Apache provides NOTICE boilerplate for a new software projects which are going to be released under this license. I'm going to release my project under that license, so it actually doesn't contain any code from ASF, but boilerplate states that

This product includes software developed at
The Apache Software Foundation (http://www.apache.org/).

Can I drop this part?

Can I drop NOTICE at all?

  • The NOTICE file is optional for your own project. But if you fork someone else's Apache-licensed project that already has a NOTICE file, you have to retain it. See here for details, which already answer your question: Apache 2.0 license - NOTICE, CHANGELOG
    – Brandin
    Commented Jan 30, 2019 at 6:33

2 Answers 2


The Apache Software Foundation (ASF) draws a distinction between Apache-licensed software that is produced by the ASF, and your own software that is distributed under the Apache 2 license. The rules applied to the NOTICE change whether your software falls in one category or the other.


How should I apply the Apache License to my own software?

You should include a copy of the Apache License, typically in a file called LICENSE, in your work, and consider also including a NOTICE file.

It is also valuable to tag each of your source code files in case they become detached from the LICENSE file. To apply the Apache License to your source code files, one approach is to attach the following boilerplate notice to as a comment at the top of the files. You should replace the Copyright templates with your own identifying information: ...

If your project is not an Apache Software Foundation project, but just happens to be Apache 2 licensed, you're not required to even keep a NOTICE file.

The NOTICE file is where you would mention if parts of the code have a different copyright, or are under different a different license. The LICENSE file should remain unmodified, taken straight from the official license.

According to this page from OSEHRA, https://www.osehra.org/wiki/how-apply-apache-20-license-your-software-project , the NOTICE should be used to identify the following information:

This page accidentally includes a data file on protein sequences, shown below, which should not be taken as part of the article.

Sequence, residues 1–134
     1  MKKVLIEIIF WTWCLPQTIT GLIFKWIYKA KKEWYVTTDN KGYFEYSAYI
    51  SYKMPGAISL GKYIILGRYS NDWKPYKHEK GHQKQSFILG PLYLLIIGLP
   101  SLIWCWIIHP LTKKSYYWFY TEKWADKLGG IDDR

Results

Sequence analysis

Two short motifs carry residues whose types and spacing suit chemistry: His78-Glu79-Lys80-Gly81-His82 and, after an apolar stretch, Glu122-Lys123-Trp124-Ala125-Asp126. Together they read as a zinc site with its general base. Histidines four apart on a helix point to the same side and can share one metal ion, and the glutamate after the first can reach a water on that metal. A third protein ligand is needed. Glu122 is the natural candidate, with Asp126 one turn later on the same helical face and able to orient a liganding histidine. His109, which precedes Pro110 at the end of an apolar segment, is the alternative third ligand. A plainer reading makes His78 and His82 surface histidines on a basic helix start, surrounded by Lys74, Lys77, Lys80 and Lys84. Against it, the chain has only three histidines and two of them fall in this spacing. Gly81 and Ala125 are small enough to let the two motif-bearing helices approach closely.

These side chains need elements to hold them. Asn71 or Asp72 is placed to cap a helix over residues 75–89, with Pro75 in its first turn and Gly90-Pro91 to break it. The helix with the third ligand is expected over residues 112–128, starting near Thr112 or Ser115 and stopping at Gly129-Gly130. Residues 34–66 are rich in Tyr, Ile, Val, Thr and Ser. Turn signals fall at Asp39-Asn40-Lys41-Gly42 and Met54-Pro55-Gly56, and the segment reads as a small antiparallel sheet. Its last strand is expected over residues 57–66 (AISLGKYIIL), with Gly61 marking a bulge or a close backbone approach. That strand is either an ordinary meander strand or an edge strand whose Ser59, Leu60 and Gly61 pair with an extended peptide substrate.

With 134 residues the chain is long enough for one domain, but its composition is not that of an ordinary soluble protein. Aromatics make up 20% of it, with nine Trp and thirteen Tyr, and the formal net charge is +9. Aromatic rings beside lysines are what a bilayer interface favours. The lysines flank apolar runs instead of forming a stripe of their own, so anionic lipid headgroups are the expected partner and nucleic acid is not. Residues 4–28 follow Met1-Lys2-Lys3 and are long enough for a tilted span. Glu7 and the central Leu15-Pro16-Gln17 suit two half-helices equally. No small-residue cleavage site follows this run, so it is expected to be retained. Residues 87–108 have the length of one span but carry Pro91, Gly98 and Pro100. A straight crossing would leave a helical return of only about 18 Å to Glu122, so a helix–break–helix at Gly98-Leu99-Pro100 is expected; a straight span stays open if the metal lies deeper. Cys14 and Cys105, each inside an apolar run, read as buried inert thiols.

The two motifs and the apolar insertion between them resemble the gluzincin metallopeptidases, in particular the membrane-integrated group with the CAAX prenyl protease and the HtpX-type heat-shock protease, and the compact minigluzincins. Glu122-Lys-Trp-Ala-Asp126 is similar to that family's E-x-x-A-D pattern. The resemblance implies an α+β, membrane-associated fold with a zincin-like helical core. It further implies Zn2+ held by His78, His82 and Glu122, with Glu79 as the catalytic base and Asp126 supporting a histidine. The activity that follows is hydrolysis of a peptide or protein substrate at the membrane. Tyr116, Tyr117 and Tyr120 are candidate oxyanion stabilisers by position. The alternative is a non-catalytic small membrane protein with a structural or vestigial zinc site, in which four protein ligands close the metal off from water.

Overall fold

• The copyright holders (and potentially patent holders)
  • The portions of the source code for which they hold the copyright (and that potentially can be covered by their patents)
  • The License adopted for that portion of the code

Whether or not you consider OSEHRA to be an authoritative source for that kind of information, you should keep the NOTICE short, because it will need to be redistributed by "downstream" users of your software (that's rule 4d of the license). i.e. don't add anything to the NOTICE that isn't legally relevant.

Regarding your specific example

Your question asks about the validity of the following the specific notice text:

This product includes software developed at
The Apache Software Foundation (http://www.apache.org/).

If your code wasn't developed at the Apache Software Foundation, then I wouldn't write that in the notice. It would be false information. Perhaps this was obtained from an example NOTICE only applicable to new software projects specifically from the ASF?


In general license information needs to be placed in LICENSE not NOTICE. Also there is no need to list copyright information in NOTICE. There only a few instances where copyright info needs to be listed, for instance where software was donated to the ASF and the original copyright notice removed from the original code headers or the original code headers and copyright notice was relocated with permission. Some licenses require information to be placed in NOTICE but they are in general incompatible with the Apache license. If your project is not an ASF project, in general there is no need for it to have a NOTICE file.

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